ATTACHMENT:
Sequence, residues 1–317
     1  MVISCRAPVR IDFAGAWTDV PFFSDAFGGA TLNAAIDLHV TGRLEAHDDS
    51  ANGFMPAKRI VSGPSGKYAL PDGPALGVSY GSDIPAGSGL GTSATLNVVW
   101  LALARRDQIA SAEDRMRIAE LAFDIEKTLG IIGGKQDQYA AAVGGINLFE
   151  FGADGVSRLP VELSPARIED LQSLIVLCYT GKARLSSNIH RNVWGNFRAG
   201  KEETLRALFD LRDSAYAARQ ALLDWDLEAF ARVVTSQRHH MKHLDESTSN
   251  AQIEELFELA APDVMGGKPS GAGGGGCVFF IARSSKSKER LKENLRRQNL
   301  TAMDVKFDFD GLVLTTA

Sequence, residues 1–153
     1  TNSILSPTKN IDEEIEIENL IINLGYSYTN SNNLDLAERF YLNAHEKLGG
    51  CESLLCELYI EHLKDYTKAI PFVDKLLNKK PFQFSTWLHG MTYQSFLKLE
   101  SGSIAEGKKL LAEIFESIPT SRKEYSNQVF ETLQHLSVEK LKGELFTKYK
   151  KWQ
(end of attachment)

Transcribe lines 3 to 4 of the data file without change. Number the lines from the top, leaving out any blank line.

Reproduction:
    51  ANGFMPAKRI VSGPSGKYAL PDGPALGVSY GSDIPAGSGL GTSATLNVVW
   101  LALARRDQIA SAEDRMRIAE LAFDIEKTLG IIGGKQDQYA AAVGGINLFE